Kill Six Billion Demons: A Lesson In Worldbuilding – by Mark Rempel
A few quick questions: How important is the image of California to John Steinbeck’s Grapes of Wrath? How pivotal is the description of Mordor to J.R.R. Tolkien’s Lord of the Rings? What would the story of Lord of the Flies look like without its island? These stories and countless others depict unique and memorable characters, but without the tantalizing environments in which their tales are told they’re just figures in a vacuum, with no context to provide meaning to their action. Books are a fascinating sort of magic, just ink on wood pulp which suspends one’s disbelief, and immerse the reader into a story and world that is totally different from their own. This process, of building a world for your characters to inhabit, is (not so) creatively referred to as “worldbuilding”. Of course, worldbuilding is by no means unique to literature, and some of the most fantastic and enveloping fictional landscapes can be found in comics. Recently, I came across a webcomic whose world is as vast as it is deep, a world that at times feels as well lived-in as our own. This comic is Abbadon’s Kill Six Billion Demons. KSBD tells the story of Allison Ruth, an ordinary girl who is plucked from her comfortable life, granted immense power as a “wielder of names” and dropped into a gargantuan cosmos of monsters, demons, and cruel gods. I do not use the term “gargantuan” lightly either; just look at this image from the first chapter.
Abbadon (the author of KSBD chooses to go by a pseudonym, though he has revealed that his first name is Tom) creates painstakingly detailed landscapes and cross sections of each massive environment (this one, of the Red City of Throne, is on the small side compared to some of the later chapters) with an art style that is as interested in giant architecture as it is with the tiny decals on a character’s weapon. This comic reaches a Star Wars level of extended universe, with each demon or demigod having a detailed backstory that defines their image and behavior. Sometimes a story can suffer from this level of detail, and though Abbadon has entire tomes of psalms which explain the origins of this universe and the characters within it, this information is never necessary to understand what’s going on. By seeing the world through Allison’s eyes, the reader can share her disbelief and terror at the vastness and horror of the Omniverse, a collection of universes which push outward like the spokes of a wheel. Each spoke has its own collection of worlds, and each world has its own set of challenges. Allison’s complete frailty and confusion in the early chapters let the reader know that it’s totally fine to not know what the hell is going on. Yet as the reader begins to understand the rules that govern the story, so too does Allison, who slowly becomes accustomed to her role as the wielder of names, learning from her mistakes and growing stronger from every conflict.
One of the reasons that KSBD is so successful in creating a believable world is due to the meticulous attention to consistency within the Omniverse. Much of the artistic direction of KSBD is inspired by Eastern religion and culture. The sing-song proverbs of YISUN (the central god of KSBD’s Omniverse) and his Psalms and Spasms often feel ripped directly out of Buddhism, something which Abbadon has openly admitted in interviews. This ideology informs so much of the look and feel of KSBD. From the flowing patterned monk-like robes that characters of status adorn, to the cruelty and hubris of the gods, every visual detail carries meaning and importance. that feels out of place. The Omniverse in KSBD is arguably the most important character within the series. The chaotic clutter of Where’s Waldo-esque pages force the reader to clutch to the few characters that they are allowed to understand, making their stories especially interesting and important as they navigate a dangerous and ever-changing landscape.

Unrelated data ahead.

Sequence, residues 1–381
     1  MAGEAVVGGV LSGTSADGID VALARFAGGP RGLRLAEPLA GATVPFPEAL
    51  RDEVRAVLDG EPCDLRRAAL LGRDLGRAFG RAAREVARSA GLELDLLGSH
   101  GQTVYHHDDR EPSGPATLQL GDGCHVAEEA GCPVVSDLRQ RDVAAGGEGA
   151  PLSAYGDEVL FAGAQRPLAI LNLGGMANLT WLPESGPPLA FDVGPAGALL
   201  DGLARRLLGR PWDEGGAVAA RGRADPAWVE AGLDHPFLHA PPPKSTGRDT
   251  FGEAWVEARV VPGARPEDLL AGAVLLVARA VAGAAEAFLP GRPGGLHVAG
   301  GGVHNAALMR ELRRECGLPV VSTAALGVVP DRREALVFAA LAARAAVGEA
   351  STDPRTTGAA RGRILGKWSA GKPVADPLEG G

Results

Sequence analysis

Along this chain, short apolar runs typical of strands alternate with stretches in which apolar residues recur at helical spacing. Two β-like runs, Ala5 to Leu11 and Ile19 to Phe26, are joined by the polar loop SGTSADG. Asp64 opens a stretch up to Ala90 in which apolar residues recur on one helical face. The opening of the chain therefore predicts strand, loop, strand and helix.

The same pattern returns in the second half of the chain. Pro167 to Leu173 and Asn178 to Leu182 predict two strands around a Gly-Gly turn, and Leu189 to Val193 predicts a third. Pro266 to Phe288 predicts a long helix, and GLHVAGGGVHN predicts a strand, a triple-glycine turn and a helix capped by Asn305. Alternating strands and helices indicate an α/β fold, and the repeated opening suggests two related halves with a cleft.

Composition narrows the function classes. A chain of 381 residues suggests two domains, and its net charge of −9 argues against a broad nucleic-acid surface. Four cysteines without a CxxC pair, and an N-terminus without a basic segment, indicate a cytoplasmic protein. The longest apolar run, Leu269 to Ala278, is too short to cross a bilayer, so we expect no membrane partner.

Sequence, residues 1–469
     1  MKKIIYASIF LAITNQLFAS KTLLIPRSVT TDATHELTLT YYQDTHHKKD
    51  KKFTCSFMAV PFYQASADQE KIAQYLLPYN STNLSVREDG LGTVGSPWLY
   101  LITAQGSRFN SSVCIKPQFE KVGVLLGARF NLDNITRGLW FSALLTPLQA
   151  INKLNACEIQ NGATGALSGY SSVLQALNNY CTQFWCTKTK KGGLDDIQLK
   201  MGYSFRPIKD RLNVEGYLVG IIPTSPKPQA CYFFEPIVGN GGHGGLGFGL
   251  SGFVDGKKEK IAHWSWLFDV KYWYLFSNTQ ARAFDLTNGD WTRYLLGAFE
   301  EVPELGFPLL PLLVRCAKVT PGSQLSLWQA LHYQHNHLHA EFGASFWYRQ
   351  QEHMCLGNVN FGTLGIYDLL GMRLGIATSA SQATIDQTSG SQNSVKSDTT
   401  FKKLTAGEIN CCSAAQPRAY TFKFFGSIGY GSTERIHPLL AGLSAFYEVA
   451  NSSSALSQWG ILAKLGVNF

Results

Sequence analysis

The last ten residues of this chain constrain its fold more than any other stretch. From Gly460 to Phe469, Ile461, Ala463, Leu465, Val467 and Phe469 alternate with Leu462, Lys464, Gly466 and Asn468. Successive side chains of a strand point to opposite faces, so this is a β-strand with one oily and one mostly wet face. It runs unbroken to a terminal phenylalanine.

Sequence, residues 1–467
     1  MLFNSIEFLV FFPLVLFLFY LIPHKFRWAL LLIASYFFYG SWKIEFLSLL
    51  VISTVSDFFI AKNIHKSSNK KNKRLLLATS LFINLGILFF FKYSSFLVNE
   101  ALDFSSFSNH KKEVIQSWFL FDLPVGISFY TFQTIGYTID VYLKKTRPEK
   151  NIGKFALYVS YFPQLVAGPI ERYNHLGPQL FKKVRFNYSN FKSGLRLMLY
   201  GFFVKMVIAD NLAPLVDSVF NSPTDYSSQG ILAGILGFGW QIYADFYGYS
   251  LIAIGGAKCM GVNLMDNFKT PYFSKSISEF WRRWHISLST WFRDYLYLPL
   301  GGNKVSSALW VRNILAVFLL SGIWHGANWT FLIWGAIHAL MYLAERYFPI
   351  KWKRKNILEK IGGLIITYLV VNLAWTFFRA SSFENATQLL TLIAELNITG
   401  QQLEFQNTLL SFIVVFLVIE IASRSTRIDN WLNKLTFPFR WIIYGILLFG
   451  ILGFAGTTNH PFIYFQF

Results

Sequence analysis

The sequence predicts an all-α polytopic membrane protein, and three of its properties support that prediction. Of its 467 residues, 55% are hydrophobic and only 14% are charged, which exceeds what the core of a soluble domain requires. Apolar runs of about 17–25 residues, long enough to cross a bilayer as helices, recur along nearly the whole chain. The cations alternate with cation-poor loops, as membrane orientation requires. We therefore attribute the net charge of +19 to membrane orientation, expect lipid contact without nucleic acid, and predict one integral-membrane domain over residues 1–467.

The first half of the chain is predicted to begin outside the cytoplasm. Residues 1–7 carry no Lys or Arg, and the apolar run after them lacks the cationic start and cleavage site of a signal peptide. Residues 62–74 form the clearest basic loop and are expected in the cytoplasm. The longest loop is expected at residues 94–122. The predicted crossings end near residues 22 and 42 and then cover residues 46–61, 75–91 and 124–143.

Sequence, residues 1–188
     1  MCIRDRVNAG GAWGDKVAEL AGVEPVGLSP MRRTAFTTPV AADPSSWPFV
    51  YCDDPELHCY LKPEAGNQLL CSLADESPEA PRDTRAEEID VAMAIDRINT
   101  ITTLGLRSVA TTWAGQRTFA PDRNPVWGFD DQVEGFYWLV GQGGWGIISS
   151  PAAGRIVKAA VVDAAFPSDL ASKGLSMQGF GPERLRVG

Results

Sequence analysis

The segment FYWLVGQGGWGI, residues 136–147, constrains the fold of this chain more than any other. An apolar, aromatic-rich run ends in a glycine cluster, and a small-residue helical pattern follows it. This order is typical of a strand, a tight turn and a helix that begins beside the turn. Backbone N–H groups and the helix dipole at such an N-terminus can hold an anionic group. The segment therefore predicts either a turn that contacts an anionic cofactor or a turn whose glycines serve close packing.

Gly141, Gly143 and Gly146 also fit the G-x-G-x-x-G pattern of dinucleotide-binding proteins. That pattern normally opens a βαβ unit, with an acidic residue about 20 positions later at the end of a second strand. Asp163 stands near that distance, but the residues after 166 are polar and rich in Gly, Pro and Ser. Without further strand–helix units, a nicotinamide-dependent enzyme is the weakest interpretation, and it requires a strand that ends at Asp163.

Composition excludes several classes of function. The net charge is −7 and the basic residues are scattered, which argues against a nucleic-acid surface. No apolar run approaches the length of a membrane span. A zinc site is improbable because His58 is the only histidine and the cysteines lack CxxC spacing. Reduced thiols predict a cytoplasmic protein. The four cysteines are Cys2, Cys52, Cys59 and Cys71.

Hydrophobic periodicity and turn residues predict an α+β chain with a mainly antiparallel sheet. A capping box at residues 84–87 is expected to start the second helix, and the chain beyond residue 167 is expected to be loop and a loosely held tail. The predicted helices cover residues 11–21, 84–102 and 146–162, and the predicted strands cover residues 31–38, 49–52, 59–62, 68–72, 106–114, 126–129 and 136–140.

Of course, the backgrounds of KSBD are not merely a tumultuous stage for the main characters to romp through. As I mentioned earlier, Abbadon takes special care in his work to ensure that each character is visually consistent with their role in the story. Every shopkeeper has a visually distinct outfit that is unique to their wares, every faction of warriors employs a different sort of armor that reflects the wealth and resources available to them, and entire cultural styles change completely when Allison and her crew enter a new region.
The effort it takes to tell a good story with deep, interesting characters is difficult to measure. Yet when you add the extra dimension of telling that story in a world that is wholly different from the one we live in, it becomes infinitely harder. The attention to detail in KSBD reflects a level of creative control rarely seen in most webcomics, and pushes the medium to its fullest potential with every new page. Abbadon has said that he has enough material for KSBD to continue for five years, and yet he maintains a level of interactivity with his audience that is astounding for what he is trying to create. Abbadon frequently allows fans to dictate aspects of the story, and even recently held a contest to design five new characters for the heist mission slated for Book Three of the series. It boggles the mind to consider how much time and effort has gone into this comic but the payoff is immense, creating an entire universe for readers to explore and re-explore over and over again.